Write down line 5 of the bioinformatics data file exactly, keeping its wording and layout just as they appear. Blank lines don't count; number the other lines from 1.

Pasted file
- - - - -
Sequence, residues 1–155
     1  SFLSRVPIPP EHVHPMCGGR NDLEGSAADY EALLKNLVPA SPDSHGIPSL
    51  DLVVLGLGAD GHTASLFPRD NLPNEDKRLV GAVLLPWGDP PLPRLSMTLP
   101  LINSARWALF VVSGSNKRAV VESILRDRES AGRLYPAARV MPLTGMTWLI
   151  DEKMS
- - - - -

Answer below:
   151  DEKMS